Perhaps Ford didn't do enough UI testing... http://www.autonews.com/article/20141231/RETAIL05/141239986/lincoln-mkc-recalled-to-move-push-button-start-from-near-touchscreen Ford is recalling about 13,500 2015 Lincoln MKC because drivers are shutting the vehicle off by mistake. Drivers are mistakenly touching the crossover SUV's push-button ignition button while the car is driving, Ford found. “Due to the switch's close proximity to other controls occupants are inadvertently shutting off the engine while driving,'' Ford said in a statement.
The residents of Green Bank, West Virginia, can't use cell phones, wifi, or other kinds of modern technology due to a high-tech government telescope. Recently, this ban has made the town a magnet for technophobes, and the locals aren't thrilled to have them. http://www.washingtonian.com/articles/people/the-town-without-wi-fi/
http://www.nytimes.com/2014/12/27/technology/risks-in-using-social-posts-to-spot-signs-of-distress.html The ill-fated introduction in Britain of an app to detect predictors of suicide shows what may happen when social media posts are scrutinized for cues about a person's mental health.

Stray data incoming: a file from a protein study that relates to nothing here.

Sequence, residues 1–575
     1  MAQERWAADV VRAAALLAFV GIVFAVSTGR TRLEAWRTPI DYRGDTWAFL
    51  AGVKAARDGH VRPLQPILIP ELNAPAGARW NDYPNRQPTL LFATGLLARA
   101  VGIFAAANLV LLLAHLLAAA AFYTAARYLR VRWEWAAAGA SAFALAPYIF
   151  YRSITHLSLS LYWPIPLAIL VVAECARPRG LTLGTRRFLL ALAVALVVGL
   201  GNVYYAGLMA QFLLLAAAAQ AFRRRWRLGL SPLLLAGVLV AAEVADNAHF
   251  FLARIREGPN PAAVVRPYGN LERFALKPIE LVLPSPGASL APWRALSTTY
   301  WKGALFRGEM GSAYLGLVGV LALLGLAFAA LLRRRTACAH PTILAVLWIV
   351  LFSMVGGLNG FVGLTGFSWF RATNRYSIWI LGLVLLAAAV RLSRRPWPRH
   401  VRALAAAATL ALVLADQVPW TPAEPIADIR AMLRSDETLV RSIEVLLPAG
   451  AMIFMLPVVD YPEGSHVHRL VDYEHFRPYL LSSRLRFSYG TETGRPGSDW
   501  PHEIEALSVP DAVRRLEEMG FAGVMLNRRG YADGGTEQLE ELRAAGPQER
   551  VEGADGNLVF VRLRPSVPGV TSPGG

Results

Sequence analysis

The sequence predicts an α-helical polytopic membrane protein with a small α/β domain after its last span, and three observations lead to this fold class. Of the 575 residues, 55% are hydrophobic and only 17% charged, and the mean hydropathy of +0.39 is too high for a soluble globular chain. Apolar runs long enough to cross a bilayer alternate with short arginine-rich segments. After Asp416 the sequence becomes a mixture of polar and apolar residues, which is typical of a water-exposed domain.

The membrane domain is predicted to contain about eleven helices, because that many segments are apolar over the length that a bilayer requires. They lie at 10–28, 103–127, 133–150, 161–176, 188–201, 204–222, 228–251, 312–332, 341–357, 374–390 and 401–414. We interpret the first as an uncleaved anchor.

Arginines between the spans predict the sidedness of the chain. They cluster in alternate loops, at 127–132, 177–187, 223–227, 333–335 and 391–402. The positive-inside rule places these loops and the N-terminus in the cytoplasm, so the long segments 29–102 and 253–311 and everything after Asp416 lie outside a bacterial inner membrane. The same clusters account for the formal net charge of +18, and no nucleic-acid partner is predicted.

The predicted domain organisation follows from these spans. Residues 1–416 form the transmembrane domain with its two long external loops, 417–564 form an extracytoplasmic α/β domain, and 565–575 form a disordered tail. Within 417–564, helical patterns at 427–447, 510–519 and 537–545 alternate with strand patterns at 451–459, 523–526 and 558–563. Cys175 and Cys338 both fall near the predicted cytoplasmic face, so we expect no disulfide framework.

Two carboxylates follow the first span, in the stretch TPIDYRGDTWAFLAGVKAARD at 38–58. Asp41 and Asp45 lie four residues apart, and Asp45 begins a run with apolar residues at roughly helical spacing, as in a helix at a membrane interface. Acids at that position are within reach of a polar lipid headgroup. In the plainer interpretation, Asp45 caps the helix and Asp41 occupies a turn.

(Gigaom): https://gigaom.com/2015/01/11/eu-response-to-free-speech-killings-more-internet-censorship/?utm_medium=social&utm_campaign=socialflow&utm_source=twitter&utm_content=eu-response-to-free-speech-killings-more-internet-censorship_905730 The interior ministers of France, Germany, Latvia, Austria, Belgium, Denmark, Spain, Italy, the Netherlands, Poland, Sweden and the U.K. said in a statement (PDF) that, while the Internet must remain “in scrupulous observance of fundamental freedoms, a forum for free expression, in full respect of the law.'' ISPs need to help “create the conditions of a swift reporting of material that aims to incite hatred and terror and the condition of its removing, where appropriate/possible.'' - - - European leaders seem lately to be reliably wrong on most free speech issues coming down the pipe. It's especially damaging when they try to extend their misguided, counterproductive views on this subject to the world beyond Europe. Censorship doesn't work in the Internet era. Trying to remove or de-index materials you fear or dislike only drives them underground in more dangerous ways.